However, the craziest, the most radical absurdity permeating this whole field of irreconcilable problems, is that only because we are forever in the state of complete spontaneity and gracefulness, are we capable of suffering such feelings of loss and upset. Like Enyadatta, who could come to the realization that her head was missing only because she already had her head on, we can be deluded into thinking that we are expelled from Paradise strictly because we are installed in the midst of it. If we were not already living the full blessed life according to our nature, we wouldn't be capable of feeling this fear and distress. This statement really doesn't make one iota of sense from the ordinary point of reasoning, but for those who really look into it, the paradox has a way of revealing the reality. Let's then look into it some more:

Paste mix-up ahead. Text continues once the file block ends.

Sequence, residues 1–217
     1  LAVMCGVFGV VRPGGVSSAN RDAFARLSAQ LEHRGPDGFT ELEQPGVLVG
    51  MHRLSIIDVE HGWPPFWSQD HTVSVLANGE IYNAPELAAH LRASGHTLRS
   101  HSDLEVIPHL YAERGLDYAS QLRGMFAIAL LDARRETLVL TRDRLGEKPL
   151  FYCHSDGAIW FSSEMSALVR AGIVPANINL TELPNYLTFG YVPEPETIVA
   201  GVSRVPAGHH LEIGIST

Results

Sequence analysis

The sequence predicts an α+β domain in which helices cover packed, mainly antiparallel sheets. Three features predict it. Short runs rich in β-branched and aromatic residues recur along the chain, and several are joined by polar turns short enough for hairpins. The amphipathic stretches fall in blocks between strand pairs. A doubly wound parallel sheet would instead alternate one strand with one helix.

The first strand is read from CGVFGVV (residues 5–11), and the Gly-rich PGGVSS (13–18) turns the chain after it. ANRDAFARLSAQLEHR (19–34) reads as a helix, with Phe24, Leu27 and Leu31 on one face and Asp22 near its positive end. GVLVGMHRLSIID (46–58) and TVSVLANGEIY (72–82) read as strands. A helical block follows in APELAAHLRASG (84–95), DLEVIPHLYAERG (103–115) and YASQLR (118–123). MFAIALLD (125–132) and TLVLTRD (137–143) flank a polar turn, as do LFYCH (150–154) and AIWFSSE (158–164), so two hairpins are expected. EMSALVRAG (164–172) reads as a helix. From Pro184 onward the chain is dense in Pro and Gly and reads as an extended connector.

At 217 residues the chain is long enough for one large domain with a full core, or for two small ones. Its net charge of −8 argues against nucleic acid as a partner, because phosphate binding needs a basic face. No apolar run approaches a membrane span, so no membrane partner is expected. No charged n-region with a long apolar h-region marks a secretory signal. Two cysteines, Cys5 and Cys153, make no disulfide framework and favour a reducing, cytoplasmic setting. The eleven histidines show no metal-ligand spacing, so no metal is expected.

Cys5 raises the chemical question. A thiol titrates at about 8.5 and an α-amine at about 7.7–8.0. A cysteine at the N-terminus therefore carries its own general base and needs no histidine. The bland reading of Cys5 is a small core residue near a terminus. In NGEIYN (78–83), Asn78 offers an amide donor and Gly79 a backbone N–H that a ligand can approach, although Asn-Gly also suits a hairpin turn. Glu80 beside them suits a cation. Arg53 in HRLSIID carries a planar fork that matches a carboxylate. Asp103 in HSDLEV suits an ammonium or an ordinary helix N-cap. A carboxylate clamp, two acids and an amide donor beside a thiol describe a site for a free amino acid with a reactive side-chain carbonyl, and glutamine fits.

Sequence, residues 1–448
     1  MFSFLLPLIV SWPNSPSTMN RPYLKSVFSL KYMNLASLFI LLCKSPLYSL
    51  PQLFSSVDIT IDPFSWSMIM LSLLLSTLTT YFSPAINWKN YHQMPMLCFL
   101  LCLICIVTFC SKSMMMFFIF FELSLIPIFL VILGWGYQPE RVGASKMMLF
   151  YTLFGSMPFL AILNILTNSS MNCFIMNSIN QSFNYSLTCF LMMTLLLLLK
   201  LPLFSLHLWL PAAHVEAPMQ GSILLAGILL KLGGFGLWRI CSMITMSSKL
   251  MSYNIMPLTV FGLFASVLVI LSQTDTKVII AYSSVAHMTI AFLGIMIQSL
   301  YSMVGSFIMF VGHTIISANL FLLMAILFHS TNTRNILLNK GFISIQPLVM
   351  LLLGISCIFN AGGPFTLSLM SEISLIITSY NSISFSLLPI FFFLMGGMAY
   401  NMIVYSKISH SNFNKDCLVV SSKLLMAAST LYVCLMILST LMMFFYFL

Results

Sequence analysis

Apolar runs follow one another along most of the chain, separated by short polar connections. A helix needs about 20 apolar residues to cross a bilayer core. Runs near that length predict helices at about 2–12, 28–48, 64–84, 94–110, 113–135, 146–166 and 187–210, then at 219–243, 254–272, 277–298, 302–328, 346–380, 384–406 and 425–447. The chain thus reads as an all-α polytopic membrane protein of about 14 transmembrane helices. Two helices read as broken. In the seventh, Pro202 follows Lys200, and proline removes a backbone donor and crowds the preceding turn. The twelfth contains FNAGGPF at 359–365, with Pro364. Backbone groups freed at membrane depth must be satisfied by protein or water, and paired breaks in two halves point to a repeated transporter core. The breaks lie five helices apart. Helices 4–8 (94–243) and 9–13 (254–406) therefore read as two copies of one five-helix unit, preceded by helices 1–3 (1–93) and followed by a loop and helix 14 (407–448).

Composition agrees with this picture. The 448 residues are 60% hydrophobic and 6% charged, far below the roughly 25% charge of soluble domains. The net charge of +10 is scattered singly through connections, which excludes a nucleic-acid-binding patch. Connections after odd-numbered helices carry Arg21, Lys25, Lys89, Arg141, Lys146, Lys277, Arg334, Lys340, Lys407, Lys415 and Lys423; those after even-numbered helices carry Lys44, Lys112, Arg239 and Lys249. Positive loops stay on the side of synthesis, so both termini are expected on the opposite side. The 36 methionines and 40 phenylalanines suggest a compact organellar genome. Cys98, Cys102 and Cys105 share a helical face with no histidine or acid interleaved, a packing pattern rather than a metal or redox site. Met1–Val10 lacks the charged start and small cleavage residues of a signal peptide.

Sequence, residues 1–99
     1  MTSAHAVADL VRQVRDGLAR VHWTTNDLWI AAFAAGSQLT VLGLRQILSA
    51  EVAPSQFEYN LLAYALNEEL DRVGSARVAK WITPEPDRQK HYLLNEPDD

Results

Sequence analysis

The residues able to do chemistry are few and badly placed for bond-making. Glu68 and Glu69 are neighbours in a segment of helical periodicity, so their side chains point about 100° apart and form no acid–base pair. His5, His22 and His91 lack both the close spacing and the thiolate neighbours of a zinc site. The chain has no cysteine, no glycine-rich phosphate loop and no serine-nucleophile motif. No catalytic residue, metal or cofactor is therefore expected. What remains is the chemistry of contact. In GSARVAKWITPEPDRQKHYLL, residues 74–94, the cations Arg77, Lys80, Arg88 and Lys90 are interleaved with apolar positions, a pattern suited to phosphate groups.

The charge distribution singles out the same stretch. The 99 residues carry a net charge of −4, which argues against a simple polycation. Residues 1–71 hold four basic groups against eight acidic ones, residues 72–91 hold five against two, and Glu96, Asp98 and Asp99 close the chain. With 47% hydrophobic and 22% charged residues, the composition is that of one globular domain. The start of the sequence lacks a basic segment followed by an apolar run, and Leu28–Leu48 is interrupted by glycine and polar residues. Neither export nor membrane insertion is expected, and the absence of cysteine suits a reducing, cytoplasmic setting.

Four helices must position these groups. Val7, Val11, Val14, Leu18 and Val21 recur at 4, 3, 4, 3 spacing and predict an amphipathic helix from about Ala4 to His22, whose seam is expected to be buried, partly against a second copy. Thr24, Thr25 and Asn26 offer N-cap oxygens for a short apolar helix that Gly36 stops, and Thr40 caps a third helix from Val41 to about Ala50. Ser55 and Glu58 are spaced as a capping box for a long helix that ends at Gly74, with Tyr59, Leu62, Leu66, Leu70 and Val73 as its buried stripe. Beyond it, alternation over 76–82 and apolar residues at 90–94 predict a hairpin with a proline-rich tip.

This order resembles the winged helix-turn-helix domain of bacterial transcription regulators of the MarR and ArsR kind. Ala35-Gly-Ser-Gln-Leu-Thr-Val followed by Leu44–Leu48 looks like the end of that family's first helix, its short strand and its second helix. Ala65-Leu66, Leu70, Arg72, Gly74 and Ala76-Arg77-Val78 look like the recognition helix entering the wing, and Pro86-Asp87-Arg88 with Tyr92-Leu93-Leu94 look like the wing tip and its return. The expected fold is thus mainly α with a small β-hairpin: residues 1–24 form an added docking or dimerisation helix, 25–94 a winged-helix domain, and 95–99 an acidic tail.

In everyday situations, a suffering individual may complain that life feels so shaky, so insecure, that it almost seems as if it is not worth living. What would be the solution, the resolution that would put the feelings of that individual at ease? Various people may give slightly different answers to this fundamental inquiry, but typically the answer boils down to: "A definite certainty, some sort of a guarantee that my being will not be threatened, and furthermore, I'd like to see the circumstances of my life being permanently favorable with regards to fulfilling my potentials."